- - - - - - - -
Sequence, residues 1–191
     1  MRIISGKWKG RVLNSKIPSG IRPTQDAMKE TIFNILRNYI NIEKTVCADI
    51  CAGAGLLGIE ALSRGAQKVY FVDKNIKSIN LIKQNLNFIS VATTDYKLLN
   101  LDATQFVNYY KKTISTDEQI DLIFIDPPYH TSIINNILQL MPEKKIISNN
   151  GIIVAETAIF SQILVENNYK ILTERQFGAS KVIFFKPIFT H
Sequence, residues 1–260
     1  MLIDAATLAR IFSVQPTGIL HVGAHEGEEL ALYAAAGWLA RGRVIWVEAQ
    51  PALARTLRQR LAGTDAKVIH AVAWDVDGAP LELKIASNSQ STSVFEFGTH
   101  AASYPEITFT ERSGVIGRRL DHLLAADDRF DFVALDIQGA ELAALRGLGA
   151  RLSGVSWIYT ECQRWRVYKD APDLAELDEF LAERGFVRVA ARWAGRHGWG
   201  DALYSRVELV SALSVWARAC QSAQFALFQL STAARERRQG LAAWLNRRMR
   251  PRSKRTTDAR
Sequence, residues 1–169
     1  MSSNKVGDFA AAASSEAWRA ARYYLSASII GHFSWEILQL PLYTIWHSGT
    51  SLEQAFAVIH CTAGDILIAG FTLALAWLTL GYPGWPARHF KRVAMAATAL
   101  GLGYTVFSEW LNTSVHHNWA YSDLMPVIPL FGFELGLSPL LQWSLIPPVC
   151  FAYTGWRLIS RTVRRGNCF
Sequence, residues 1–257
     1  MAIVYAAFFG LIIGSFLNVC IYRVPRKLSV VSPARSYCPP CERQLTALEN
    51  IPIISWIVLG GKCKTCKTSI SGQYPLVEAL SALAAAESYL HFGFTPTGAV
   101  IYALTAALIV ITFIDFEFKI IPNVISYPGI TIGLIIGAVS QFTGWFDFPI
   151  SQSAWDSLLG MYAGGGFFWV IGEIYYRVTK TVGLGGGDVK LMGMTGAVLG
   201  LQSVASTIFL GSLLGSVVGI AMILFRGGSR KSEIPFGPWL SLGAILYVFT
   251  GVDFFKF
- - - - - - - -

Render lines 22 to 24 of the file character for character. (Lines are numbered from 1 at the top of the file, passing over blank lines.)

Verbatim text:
   151  SQSAWDSLLG MYAGGGFFWV IGEIYYRVTK TVGLGGGDVK LMGMTGAVLG
   201  LQSVASTIFL GSLLGSVVGI AMILFRGGSR KSEIPFGPWL SLGAILYVFT
   251  GVDFFKF